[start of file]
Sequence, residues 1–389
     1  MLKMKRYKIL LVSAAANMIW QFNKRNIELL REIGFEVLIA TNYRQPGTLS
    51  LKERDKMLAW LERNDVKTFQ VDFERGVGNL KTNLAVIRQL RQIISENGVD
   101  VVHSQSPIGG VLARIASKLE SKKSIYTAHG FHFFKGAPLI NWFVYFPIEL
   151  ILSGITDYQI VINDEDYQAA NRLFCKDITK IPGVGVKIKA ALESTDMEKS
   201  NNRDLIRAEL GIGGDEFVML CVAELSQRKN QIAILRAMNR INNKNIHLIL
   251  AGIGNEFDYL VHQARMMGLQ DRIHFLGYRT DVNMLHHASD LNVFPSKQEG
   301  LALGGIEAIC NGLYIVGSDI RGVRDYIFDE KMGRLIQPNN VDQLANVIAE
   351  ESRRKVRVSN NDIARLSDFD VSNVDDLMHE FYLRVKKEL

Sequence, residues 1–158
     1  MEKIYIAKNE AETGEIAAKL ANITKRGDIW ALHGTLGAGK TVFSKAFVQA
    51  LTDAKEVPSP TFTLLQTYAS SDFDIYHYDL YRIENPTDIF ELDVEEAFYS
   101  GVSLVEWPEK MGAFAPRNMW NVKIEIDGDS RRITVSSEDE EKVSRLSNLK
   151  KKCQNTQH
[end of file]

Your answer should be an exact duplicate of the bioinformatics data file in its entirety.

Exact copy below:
Sequence, residues 1–389
     1  MLKMKRYKIL LVSAAANMIW QFNKRNIELL REIGFEVLIA TNYRQPGTLS
    51  LKERDKMLAW LERNDVKTFQ VDFERGVGNL KTNLAVIRQL RQIISENGVD
   101  VVHSQSPIGG VLARIASKLE SKKSIYTAHG FHFFKGAPLI NWFVYFPIEL
   151  ILSGITDYQI VINDEDYQAA NRLFCKDITK IPGVGVKIKA ALESTDMEKS
   201  NNRDLIRAEL GIGGDEFVML CVAELSQRKN QIAILRAMNR INNKNIHLIL
   251  AGIGNEFDYL VHQARMMGLQ DRIHFLGYRT DVNMLHHASD LNVFPSKQEG
   301  LALGGIEAIC NGLYIVGSDI RGVRDYIFDE KMGRLIQPNN VDQLANVIAE
   351  ESRRKVRVSN NDIARLSDFD VSNVDDLMHE FYLRVKKEL

Sequence, residues 1–158
     1  MEKIYIAKNE AETGEIAAKL ANITKRGDIW ALHGTLGAGK TVFSKAFVQA
    51  LTDAKEVPSP TFTLLQTYAS SDFDIYHYDL YRIENPTDIF ELDVEEAFYS
   101  GVSLVEWPEK MGAFAPRNMW NVKIEIDGDS RRITVSSEDE EKVSRLSNLK
   151  KKCQNTQH